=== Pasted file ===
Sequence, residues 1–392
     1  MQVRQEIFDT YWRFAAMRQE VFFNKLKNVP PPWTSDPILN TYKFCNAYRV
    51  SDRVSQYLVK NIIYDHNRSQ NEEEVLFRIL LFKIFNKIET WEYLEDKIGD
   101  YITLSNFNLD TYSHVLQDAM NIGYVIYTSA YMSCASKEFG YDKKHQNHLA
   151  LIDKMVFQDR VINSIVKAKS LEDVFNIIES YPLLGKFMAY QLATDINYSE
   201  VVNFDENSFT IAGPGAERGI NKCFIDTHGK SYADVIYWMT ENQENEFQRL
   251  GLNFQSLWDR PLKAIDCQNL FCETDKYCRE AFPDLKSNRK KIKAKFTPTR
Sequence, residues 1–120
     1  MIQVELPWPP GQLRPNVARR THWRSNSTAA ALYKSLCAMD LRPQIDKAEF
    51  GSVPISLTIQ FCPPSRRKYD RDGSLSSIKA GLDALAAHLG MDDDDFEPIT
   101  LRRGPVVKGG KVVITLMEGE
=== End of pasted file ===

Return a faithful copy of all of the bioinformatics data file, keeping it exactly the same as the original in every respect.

Sequence, residues 1–392
     1  MQVRQEIFDT YWRFAAMRQE VFFNKLKNVP PPWTSDPILN TYKFCNAYRV
    51  SDRVSQYLVK NIIYDHNRSQ NEEEVLFRIL LFKIFNKIET WEYLEDKIGD
   101  YITLSNFNLD TYSHVLQDAM NIGYVIYTSA YMSCASKEFG YDKKHQNHLA
   151  LIDKMVFQDR VINSIVKAKS LEDVFNIIES YPLLGKFMAY QLATDINYSE
   201  VVNFDENSFT IAGPGAERGI NKCFIDTHGK SYADVIYWMT ENQENEFQRL
   251  GLNFQSLWDR PLKAIDCQNL FCETDKYCRE AFPDLKSNRK KIKAKFTPTR
Sequence, residues 1–120
     1  MIQVELPWPP GQLRPNVARR THWRSNSTAA ALYKSLCAMD LRPQIDKAEF
    51  GSVPISLTIQ FCPPSRRKYD RDGSLSSIKA GLDALAAHLG MDDDDFEPIT
   101  LRRGPVVKGG KVVITLMEGE